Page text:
Kurkov is deadpan, hilarious and completely accessible. A keen observer and caricaturist of Homo-Sovieticus and the reformed Communists of the dissolved USSR alike, his humour transcends place, his pathos possessing the keen edge of a sword which hangs over us all. Additionally, he appears to be somewhat prescient of developments in world politics, confidently predicting that in 2013 there would be a dynamic young Conservative Prime Minister of the UK (ah! so maybe that explains the almost automatic use of the definitive article!) courting the approval of world leaders. Once one becomes acclimatized to the rhythm of his writing, and to the fractured nature of the triumvirate of tales, something which at first annoyed but quickly became addictive, there seems little lost to translation*. Bunin is personable, entertaining, and worthy of both sym- and em-pathy, and despite nagging worries that later proved unfounded (an old refrain) about political infidelity from his colleagues and subordinates, manages to come out pretty well in the end, all things considered. What we get is a strangely well-constructed novel, moreish and satisfying, and despite constant stereotypical references to drinking, something Tibor Fischer laments, really has no serious flaws to stop one from properly enjoying oneself.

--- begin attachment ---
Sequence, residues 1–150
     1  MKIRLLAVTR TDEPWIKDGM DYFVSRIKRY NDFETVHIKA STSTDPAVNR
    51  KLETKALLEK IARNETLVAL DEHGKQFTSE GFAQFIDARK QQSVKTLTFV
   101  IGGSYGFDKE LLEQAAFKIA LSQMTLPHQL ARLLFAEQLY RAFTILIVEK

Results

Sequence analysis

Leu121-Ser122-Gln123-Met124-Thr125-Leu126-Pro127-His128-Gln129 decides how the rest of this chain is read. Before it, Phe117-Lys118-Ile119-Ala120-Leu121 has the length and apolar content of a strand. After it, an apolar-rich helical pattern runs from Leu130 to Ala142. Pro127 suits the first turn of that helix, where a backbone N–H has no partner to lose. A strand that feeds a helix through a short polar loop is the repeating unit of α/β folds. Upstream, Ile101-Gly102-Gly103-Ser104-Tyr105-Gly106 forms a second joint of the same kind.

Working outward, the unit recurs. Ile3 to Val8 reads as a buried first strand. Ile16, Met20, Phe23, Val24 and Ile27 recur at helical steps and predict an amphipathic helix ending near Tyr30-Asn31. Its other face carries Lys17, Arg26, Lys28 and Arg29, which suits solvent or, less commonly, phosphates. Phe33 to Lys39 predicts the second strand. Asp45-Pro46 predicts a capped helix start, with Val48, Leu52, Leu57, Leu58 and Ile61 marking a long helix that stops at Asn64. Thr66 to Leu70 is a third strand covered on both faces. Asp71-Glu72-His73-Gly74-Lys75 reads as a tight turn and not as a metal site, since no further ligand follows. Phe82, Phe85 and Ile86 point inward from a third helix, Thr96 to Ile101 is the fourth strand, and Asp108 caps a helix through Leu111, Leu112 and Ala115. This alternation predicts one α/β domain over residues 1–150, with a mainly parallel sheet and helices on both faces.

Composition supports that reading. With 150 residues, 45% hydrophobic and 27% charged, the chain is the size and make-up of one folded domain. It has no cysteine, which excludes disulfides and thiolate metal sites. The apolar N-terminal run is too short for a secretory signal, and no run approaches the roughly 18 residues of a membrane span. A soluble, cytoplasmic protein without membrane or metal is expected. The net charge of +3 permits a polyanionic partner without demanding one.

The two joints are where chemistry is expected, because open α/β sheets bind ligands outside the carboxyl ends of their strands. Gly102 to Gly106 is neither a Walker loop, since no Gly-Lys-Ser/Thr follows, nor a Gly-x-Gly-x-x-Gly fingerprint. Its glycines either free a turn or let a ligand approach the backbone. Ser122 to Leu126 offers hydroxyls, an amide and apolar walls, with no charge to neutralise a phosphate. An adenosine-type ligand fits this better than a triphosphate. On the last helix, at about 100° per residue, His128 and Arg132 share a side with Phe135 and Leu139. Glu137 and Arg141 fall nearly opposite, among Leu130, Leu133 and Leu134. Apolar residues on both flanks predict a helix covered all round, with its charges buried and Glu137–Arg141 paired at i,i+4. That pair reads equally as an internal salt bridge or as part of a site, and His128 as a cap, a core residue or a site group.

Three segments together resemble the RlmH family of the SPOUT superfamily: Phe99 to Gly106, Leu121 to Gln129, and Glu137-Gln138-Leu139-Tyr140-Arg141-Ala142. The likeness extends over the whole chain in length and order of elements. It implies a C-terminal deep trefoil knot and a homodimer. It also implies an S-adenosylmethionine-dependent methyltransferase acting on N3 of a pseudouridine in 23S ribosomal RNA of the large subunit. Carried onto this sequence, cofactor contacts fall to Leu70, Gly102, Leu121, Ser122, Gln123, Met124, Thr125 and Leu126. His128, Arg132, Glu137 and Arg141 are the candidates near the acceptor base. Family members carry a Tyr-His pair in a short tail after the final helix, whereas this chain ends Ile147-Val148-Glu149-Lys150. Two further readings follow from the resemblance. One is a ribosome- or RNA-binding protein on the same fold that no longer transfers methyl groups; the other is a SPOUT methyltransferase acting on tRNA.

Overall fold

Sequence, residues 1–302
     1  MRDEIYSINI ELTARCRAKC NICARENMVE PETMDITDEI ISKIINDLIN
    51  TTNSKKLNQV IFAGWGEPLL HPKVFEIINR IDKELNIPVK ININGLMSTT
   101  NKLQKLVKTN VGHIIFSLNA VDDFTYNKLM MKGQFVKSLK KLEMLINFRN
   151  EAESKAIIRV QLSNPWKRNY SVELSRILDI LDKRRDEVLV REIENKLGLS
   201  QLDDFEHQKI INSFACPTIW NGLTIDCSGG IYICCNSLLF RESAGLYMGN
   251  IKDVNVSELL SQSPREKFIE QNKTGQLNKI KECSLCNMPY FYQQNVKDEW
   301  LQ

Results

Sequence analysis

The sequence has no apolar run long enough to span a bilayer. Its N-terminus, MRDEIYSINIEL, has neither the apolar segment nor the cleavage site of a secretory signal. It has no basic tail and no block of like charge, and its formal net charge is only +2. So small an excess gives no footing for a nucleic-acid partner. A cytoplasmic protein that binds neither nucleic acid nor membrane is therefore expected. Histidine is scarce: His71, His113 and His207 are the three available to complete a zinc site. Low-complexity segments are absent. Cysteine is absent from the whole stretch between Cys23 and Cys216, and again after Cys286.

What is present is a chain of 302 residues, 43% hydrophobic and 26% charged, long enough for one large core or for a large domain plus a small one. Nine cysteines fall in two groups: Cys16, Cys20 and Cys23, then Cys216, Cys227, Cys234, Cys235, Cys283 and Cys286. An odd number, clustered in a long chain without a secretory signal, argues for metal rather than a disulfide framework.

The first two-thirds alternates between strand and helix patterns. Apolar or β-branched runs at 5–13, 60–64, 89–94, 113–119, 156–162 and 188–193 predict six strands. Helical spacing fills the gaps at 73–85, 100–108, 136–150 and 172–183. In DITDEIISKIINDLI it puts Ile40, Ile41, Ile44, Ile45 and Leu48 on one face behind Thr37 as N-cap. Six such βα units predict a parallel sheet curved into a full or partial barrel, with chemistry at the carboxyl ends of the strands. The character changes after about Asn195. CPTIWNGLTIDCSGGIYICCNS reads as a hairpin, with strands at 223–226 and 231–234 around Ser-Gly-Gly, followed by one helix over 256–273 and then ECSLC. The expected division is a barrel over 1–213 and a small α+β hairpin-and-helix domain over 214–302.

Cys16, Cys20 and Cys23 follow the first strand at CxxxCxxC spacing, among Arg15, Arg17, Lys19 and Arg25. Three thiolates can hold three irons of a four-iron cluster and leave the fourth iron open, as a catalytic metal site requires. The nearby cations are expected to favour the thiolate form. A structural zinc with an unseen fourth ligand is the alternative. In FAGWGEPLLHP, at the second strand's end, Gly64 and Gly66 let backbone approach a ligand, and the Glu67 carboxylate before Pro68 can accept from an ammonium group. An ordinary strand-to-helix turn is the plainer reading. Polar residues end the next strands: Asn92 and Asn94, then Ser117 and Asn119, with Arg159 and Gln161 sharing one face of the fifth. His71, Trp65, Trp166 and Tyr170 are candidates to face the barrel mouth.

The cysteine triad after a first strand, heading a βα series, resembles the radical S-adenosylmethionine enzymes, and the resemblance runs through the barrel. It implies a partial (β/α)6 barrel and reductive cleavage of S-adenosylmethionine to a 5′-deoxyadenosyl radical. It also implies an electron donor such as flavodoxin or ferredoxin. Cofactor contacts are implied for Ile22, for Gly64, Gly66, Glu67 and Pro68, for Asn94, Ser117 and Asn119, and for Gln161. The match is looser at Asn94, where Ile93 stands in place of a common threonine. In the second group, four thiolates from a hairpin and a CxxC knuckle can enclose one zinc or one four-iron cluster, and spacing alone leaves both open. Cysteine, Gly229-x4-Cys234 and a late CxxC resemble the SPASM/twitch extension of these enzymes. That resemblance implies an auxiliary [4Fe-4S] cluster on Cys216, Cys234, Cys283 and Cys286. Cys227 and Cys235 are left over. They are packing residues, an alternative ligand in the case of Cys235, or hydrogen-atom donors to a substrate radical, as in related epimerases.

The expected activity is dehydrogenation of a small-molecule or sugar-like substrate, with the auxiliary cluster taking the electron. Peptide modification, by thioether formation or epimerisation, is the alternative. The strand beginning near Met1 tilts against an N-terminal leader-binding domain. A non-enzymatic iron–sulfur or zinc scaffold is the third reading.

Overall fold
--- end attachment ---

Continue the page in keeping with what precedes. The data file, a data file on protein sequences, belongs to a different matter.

As a voice from a country incongruously lacking in home-schooled, resident literary tradition, Kurkov possess all he needs in terms of skills and ability to properly wow an international audience. And contrary to the chaps at The Guardian, not everyone wishes he would bring back the penguin.

*Oddly, Kurkov's translator prefers to remain anonymous in my edition - unlike in previous and subsequent works (George Bird [Death and the Penguin, The Case of the General's Thumb]and Amanda Love Darragh  [The Milkman in the Night])


How's about that then?

Selected Holiday Reading - The In-Betweeners Abroad